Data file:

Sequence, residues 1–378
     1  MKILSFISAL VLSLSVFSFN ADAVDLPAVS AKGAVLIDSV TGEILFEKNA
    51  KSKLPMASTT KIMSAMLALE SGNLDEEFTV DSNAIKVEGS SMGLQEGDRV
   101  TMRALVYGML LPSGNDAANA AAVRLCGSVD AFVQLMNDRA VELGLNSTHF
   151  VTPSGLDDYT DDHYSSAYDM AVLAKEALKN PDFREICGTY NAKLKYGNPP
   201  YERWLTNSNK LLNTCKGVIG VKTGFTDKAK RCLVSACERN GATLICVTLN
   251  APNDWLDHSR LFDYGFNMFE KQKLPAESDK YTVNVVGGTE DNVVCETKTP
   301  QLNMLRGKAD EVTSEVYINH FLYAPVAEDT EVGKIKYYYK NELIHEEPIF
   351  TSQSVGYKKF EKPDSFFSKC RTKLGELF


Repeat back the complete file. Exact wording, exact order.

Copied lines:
Sequence, residues 1–378
     1  MKILSFISAL VLSLSVFSFN ADAVDLPAVS AKGAVLIDSV TGEILFEKNA
    51  KSKLPMASTT KIMSAMLALE SGNLDEEFTV DSNAIKVEGS SMGLQEGDRV
   101  TMRALVYGML LPSGNDAANA AAVRLCGSVD AFVQLMNDRA VELGLNSTHF
   151  VTPSGLDDYT DDHYSSAYDM AVLAKEALKN PDFREICGTY NAKLKYGNPP
   201  YERWLTNSNK LLNTCKGVIG VKTGFTDKAK RCLVSACERN GATLICVTLN
   251  APNDWLDHSR LFDYGFNMFE KQKLPAESDK YTVNVVGGTE DNVVCETKTP
   301  QLNMLRGKAD EVTSEVYINH FLYAPVAEDT EVGKIKYYYK NELIHEEPIF
   351  TSQSVGYKKF EKPDSFFSKC RTKLGELF